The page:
Australian borrowers have been hit with another round of interest rate hikes after the Reserve Bank of Australia (RBA) raised the official cash rate by 0.25 percent to 4.1 percent, the highest level since April 2012.

This comes after a 0.25 percent increase in May and a brief pause in April.

In delivering the RBA’s decision, Governor Philip Lowe said inflation was still too high, despite passing its peak.

According to the Australian Bureau of Statistics data, the annual inflation rate dropped from 7.8 to seven percent in the March quarter.

However, monthly inflation data, which is a separate economic metric, showed that the consumer price index returned to February’s level of 6.8 percent in April after dropping to 6.3 percent in March.

The governor believed a lift in interest rate in June was necessary to ensure that inflation would return to the two to three percent target band within a reasonable timeframe.

“High inflation makes life difficult for people and damages the functioning of the economy. It erodes the value of savings, hurts family budgets, makes it harder for businesses to plan and invest, and worsens income inequality,” Lowe said in a statement.

“And if high inflation were to become entrenched in people’s expectations, it would be very costly to reduce later, involving even higher interest rates and a larger rise in unemployment.”

Increased Upside Risks to Inflation

The RBA noted that recent economic data showed the upside risks to inflation had increased.

“While goods price inflation is slowing, services price inflation is still very high and is proving to be very persistent overseas,” Lowe said.

“Unit labour costs are also rising briskly, with productivity growth remaining subdued. Growth in the Australian economy has slowed, and conditions in the labour market have eased, although they remain very tight.”

The governor also pointed out that wage growth had accelerated due to the tight labour market and high inflation after taking into account the recent minimum wage increases.

Epoch Times Photo
Reserve Bank Governor Philip Lowe at the Standing Committee on Economics at Parliament House in Canberra, Australia, on Feb. 5, 2021. (Sam Mooy/Getty Images)

On June 2, the Fair Work Commission lifted the minimum wage for workers not covered by an award or registered agreement by a total of 8.6 percent from July 1, while those employed via contracts or agreements will see a 5.75 percent increase.

The record rises in the minimum wage have sparked widespread objections in the business community and raised concerns about worsening inflation.

While the federal government assured the public that the minimum wage increases would not affect consumer prices, the RBA said it would remain alert to the risk that expectations of ongoing high inflation contribute to larger price and wage increases.

Regarding the monetary policy outlook, the RBA signalled that further interest rate hikes might be needed to bring down inflation, depending on how the economy and inflation evolved.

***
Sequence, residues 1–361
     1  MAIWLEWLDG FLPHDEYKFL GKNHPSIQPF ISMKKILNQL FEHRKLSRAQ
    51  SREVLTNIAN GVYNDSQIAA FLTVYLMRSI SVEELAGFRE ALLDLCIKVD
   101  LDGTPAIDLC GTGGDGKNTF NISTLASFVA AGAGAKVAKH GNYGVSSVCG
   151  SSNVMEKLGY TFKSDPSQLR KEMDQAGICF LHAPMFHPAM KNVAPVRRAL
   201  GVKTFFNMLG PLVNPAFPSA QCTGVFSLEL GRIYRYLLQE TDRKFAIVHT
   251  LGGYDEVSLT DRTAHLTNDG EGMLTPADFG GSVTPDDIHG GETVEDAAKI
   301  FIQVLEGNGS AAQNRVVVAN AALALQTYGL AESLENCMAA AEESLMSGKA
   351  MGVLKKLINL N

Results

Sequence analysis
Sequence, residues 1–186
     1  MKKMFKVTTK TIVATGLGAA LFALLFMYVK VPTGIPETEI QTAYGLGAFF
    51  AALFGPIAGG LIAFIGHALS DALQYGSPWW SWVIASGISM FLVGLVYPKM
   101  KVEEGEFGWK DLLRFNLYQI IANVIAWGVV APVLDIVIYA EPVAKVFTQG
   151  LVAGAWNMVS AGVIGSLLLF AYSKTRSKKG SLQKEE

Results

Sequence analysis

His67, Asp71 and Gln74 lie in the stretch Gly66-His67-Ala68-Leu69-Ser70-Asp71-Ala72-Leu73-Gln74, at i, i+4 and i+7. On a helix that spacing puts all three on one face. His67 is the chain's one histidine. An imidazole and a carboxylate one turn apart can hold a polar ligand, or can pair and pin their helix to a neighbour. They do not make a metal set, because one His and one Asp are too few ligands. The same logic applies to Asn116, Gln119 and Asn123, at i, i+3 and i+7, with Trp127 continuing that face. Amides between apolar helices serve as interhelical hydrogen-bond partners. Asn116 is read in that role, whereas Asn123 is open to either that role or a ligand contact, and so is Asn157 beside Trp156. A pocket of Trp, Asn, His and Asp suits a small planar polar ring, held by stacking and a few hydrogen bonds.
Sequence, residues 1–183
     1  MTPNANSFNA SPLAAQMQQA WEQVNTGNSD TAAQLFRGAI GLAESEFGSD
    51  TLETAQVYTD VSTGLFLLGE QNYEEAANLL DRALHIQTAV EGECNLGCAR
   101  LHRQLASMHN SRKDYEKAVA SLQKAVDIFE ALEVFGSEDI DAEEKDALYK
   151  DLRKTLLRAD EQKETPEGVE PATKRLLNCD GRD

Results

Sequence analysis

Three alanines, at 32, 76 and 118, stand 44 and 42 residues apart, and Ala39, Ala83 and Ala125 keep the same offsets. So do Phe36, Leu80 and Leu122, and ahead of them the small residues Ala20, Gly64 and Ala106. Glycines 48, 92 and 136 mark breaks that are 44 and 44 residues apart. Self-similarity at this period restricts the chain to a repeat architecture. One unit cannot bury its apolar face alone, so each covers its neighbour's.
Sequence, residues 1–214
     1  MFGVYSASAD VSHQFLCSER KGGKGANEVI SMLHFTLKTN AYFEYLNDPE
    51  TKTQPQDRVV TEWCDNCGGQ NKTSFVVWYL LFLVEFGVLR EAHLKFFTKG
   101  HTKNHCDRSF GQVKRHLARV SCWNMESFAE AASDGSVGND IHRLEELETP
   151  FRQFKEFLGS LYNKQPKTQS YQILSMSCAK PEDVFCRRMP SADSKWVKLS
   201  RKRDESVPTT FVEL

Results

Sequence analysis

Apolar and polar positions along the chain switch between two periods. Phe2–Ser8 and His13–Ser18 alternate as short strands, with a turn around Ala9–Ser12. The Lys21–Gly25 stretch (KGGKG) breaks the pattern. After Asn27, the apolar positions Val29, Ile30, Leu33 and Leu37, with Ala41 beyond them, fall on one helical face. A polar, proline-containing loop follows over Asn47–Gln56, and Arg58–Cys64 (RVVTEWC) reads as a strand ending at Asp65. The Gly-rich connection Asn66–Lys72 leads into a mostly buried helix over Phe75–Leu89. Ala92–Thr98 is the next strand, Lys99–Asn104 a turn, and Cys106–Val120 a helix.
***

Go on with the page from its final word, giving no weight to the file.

“The Board will continue to pay close attention to developments in the global economy, trends in household spending, and the outlook for inflation and the labour market,” Lowe said.

Given current economic conditions, ANZ Bank economists predicted that the central bank would raise the official cash rate by another 0.25 percent in the coming months (most likely in August), taking it to 4.35 percent.

Impacts of the Interest Rate Hike

With the latest rate increase coming into effect, the financial comparison website RateCity estimated that a typical homeowner with a $500,000 loan on a 25-year term would have to pay an extra $76 (US$50.6) a month in mortgage repayment.

And compared to before the RBA implemented the interest rate hiking cycle in May 2022, the total increase in monthly repayment would go up to $1,134.

New borrowers are not spared from the impact as RateCity expected none of Australia’s four major banks would offer an ongoing variable rate under six percent if they pass on the latest rate hike in full to customers.

Epoch Times Photo
An Australian one dollar coin is displayed on May 16, 2012, in Melbourne, Australia. (Scott Barbour/Getty Images)

RateCity research director Sally Tindall said the consecutive interest rate rises had confused borrowers as many had no idea how much their monthly repayments went up.

“Our research shows most variable borrowers have no idea what rate hike they’ve started paying for and which ones are still to come, making it next to impossible to budget,” Tindall said.

“If you’ve got a variable home loan, call your bank and ask them what your repayments will be if it passes on this latest hike.

“If you can’t afford these higher repayments, you’ll have time on your side to do something about it.”

Meanwhile, savers could earn some extra money with June’s interest rate increase if they shop around for a better deal for their savings.

RateCity pointed out that many financial institutions might offer saving products with rates as high as 5.5 percent, compared to the average rate of 4.35 percent offered by the big four banks, resulting in a difference of $471 in annual interest earned on a $50,000 balance.